The title is so true, yet, I don’t think of Gloria Estefan so much as I do Chandler Bing. Shout out to Matthew Perry for leaving us with this wisdom. I intend this article to speak to you in a similar vein as my last column entitled Popcorn Time. In case you missed Popcorn Time, it essentially posited that movies are a prime way we all visit other worlds rather than the esoteric means I usually get into.
Allow me to preface all this musical talk by saying that I was never a music critic like I was a movie and restaurant critic. Further, I gotta admit I have zero musical ability outside of knowing, almost at the first note, what song goes to what movie, sometimes down to the scene. Oh, and my daughter can play the Dallas theme song on the piano. She certainly didn’t get those skills from me.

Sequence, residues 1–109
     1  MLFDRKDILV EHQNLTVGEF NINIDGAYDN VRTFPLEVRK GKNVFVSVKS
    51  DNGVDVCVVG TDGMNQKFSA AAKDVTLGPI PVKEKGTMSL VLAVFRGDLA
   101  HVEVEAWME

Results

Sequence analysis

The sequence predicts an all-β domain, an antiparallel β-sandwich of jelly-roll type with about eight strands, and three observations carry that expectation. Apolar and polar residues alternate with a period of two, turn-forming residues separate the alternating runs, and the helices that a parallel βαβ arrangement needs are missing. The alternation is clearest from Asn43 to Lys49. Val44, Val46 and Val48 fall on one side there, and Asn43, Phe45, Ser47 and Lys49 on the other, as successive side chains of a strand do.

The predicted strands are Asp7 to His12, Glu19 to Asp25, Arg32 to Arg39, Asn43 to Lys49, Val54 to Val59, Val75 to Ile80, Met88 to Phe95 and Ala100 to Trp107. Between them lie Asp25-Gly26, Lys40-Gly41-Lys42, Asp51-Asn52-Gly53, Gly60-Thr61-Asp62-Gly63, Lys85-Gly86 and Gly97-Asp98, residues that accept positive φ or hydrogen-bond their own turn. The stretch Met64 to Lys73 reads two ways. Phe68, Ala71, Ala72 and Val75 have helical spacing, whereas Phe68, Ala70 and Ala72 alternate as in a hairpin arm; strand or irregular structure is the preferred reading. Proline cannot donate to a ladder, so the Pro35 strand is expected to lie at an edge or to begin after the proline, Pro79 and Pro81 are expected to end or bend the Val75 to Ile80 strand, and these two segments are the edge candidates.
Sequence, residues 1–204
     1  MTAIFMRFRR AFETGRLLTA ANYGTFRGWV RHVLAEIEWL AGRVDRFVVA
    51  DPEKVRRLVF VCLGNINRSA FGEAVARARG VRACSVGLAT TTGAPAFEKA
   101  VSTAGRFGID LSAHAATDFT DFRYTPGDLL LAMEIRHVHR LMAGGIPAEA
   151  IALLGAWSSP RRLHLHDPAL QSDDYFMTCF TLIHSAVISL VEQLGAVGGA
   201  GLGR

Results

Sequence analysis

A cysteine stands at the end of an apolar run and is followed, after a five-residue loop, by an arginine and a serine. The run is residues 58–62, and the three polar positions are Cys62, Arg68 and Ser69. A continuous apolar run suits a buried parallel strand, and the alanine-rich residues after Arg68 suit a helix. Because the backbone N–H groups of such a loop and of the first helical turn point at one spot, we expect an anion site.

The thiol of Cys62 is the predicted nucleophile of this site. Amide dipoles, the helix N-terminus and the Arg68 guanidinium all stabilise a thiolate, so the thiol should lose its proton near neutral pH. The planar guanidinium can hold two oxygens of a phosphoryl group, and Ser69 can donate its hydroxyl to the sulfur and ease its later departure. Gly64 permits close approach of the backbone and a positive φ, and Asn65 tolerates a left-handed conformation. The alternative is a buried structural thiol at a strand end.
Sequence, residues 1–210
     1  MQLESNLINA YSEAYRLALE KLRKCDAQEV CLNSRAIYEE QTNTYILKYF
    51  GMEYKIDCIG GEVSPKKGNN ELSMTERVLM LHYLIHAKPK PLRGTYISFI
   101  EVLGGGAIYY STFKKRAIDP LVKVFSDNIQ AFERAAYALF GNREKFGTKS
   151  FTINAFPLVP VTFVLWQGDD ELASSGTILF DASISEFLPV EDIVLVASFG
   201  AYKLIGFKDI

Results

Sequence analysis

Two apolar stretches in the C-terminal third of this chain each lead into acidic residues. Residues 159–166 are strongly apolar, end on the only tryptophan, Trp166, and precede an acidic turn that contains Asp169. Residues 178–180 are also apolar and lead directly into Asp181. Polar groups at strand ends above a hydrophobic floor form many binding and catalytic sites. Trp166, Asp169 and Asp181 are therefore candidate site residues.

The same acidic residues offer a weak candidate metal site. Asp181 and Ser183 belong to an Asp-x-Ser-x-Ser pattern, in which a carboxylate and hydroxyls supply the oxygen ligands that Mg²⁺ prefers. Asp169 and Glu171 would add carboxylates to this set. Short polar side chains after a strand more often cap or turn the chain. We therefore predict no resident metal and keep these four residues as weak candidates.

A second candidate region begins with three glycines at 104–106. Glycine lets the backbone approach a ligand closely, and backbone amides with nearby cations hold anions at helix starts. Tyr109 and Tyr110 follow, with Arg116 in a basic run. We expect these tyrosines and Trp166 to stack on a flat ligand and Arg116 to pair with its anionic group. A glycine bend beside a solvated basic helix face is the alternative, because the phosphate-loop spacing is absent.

I reflect to my childhood and the debates my parents would get into over who sang what and when and with whom. Back then they were talking about the music of their youth. It became the music of my youth along with Biggie, Tupac, The Eagles, and Billie Holiday.
Being native to the Shag state, my parents were usually discussing beach music. (The Shag is the state dance for all of you new to South Carolina.) The Tams, Chairman of the Board, and the Drifters come to mind. It was a natural extension from there to go to Motown’s Four Tops and Temptations. Obviously, that’s just scratching the surface from that era. At an early age, I learned such intricacies as the reason the Jan and Dean song Little Deuce Coup sounds like the Beach Boys is because they sang back-up for the Beach Boys.